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Is U.S. Popular Culture Swaying Public Opinion Abroad?

Martha Bayles

Martha Bayles, a professor of humanities at Boston College, speaks to chief arts correspondent Jeffrey Brow about her new book, “Through a Screen Darkly: Popular Culture, Public Diplomacy, and America’s Image Abroad.”

According to Martha Bayles, a professor of humanities at Boston College, public diplomacy has disappeared. Her new book is “Through a Screen Darkly: Popular Culture, Public Diplomacy, and America’s Image Abroad.”

Bayles defines public diplomacy as “any effort by a government to sway opinion or cultivate good will among a foreign public.” She says that diplomatic efforts were much more active before the end of the Cold War.

“During the Cold War, the government sponsored jazz tours and jazz broadcasts on (Voice of America),” Bayles told chief arts correspondent Jeffrey Brown.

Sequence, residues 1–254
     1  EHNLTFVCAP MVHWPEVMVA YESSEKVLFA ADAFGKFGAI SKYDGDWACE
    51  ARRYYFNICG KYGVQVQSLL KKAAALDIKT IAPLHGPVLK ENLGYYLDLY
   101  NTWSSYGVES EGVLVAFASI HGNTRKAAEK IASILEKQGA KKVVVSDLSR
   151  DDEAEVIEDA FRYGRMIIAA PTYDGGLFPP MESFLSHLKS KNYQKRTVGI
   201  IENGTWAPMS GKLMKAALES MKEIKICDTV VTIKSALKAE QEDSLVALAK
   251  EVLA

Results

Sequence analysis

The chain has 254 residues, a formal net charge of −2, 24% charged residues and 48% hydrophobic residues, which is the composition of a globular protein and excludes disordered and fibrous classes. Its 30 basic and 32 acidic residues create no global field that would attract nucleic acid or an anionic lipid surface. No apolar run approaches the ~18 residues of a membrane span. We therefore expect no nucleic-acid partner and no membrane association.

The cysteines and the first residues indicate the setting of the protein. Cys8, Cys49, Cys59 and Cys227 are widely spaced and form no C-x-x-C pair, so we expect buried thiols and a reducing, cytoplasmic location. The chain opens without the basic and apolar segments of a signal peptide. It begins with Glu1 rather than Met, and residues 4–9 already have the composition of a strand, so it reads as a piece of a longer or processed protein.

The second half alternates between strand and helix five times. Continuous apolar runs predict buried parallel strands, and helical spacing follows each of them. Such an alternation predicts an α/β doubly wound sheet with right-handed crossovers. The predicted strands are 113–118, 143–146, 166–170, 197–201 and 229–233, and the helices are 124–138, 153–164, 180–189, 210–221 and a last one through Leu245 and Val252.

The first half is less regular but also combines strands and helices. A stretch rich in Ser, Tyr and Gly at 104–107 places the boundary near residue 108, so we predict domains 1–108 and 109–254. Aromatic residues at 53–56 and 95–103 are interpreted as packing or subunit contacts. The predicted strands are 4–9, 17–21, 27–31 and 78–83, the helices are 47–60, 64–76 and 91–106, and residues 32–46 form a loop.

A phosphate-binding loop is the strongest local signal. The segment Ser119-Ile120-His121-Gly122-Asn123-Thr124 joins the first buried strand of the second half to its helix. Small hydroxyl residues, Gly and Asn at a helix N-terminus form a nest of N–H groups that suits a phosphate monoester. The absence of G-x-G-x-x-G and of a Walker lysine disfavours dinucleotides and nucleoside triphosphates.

But at the end of the Cold War, something shifted.

“It was more or less decided that we didn’t need (public diplomacy) anymore.”

American popular culture spread to places it hadn’t been before, including countries where the Soviet “iron curtain” had just lifted.

“Popular culture is a commercial undertaking and it tends to go for the lowest common denominator. And since the media have been deregulated and with new technology, what happens is the lowest common denominator takes the form of, as any American can tell you, a lot of graphic sex, a lot of explicit violence, always trying to outdo the last generation of media.”

It’s those cultural exports that Bayles believes have affected America’s image abroad. For example, the music the world hears isn’t having the same effect across the oceans as the jazz tours did during the Cold War or that of rock music at the end of the war.

“I don’t think American popular music has the same cache that it used to have and its partially because we cranked up the sexual heat so much that it turns a lot of people off.”

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